The Spiritans have ministered to Latin America for over 150 years
Since the onset of its presence in Mexico, beginning in the 1970’s, the Congregation has been at the service of the local Church in a very particular situation; parishes with a predominance of indigenous communities. In this service the Spiritans showed themselves to be very close to people and they invested a lot of their time, their talents and their material resources with help coming from benefactors. The Congregation today, has its place in the Mexican Church, which is a great Church, very well organized and with a great history, and is part of it with its specific charism.
The second area of work, in the port city of Tampico was undertaken because of the formation of candidates to Spiritan life. There the confrere service of the local Church undertaking services such as teaching, mission animation and finally the parochial service in a poor zone of the city.
Hispaniola – Haiti and the Domincan Republic
Haiti and the Dominican Republic share the island of Hispaniola, located in the Caribbean between the islands of Puerto Rico and Cuba. Spiritans have been ministering in Haiti for more than 150 years, but 2004 brought the first Spiritan missionary presence in the neighboring country of the Dominican Republic.
About 80 percent of the nine million people in the Dominican Republic are Roman Catholic. Still, the primary work of this new Spiritan team has been evangelization.
Spiritans work mostly on the periphery of the great cities, especially Sao Paulo, Rio and Recife, to which there is a big migration from areas devastated by drought.
We have taken up specific pastoral works such as youth, favelas (congested settlements), counseling, retreats, justice and peace, indigenous groups, etc. These works are undertaken in dialogue with the district and have its support. Not wishing to be disconnected from parish ministry, all make an effort to be connected with a little parish, with at least two or three small communities. This combination is beneficial for the Spiritans and the small parishes.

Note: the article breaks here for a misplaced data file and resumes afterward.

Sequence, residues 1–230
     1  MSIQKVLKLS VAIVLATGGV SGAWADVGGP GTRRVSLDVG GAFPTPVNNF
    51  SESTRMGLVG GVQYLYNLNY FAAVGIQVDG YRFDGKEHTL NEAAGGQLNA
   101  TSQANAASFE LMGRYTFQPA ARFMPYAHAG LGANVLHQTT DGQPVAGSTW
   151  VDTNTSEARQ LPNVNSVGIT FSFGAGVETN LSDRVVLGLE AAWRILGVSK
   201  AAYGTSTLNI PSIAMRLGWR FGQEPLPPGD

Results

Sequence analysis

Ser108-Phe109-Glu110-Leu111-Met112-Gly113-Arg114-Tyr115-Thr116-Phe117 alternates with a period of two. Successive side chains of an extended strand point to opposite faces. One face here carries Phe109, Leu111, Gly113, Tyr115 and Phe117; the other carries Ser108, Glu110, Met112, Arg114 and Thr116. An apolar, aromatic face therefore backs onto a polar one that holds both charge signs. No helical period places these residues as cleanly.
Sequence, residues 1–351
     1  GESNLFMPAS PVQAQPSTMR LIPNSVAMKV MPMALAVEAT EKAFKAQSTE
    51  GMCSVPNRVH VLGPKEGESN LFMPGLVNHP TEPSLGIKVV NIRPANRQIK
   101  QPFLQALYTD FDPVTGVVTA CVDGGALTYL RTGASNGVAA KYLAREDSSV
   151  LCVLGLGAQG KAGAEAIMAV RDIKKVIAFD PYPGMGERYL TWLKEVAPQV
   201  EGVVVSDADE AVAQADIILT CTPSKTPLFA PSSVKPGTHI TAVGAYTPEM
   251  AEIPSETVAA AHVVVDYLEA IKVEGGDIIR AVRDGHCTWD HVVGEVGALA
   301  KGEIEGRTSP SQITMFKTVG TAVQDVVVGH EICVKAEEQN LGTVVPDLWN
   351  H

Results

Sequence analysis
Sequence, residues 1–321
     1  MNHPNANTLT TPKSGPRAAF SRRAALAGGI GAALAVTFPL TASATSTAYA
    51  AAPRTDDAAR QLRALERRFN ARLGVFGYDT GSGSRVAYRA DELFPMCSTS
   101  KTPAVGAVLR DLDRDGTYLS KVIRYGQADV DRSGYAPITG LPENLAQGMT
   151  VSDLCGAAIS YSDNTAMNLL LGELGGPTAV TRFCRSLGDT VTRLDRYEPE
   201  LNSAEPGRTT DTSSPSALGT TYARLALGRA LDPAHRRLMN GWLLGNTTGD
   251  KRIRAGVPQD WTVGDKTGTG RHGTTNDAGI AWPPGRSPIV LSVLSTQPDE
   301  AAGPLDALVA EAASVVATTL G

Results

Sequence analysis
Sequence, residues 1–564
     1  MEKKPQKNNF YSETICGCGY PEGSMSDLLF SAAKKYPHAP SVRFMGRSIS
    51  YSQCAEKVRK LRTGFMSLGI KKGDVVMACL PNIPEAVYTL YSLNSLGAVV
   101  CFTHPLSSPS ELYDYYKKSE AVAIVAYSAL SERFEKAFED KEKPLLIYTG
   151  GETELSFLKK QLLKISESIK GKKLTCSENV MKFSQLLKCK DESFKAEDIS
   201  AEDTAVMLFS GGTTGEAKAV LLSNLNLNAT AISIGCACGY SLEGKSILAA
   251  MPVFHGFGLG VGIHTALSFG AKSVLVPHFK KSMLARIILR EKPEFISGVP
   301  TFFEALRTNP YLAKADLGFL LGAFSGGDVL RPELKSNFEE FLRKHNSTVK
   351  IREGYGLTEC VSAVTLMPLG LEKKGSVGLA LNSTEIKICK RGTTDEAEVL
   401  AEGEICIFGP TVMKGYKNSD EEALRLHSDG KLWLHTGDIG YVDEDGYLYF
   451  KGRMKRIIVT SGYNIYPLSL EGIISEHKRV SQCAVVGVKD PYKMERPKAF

On December 12, 1931 the first four Spiritans from the American Province arrived in San Juan, Puerto Rico, or Borinquen Island (the Taino Indian name), and were assigned to the parish of Arecibo. More than forty Spiritans were rotated through Arecibo over the next fifty years and helped found more than a dozen parishes, an elementary and high school, and a campus of the Catholic University.
Holy Spirit parish and the school were eventually returned to the dioceses. No other religious community has evidenced such willingness to build and move on with such an authentic missionary spirituality.
A second parish was founded in Hato Rey, where an extraordinarily beautiful church was built and dedicated to the Holy Spirit, along with a second building, an elementary/high school. Sixteen Spiritans contributed their efforts. Today a Spiritan from Puerto Rico, J. Orlando Camacho Torres, directs these societies.
Please visit the mission pages of Puerto Rico and the Caribbean: http://www.espiritanos.com/espiritanos/Nosotros.html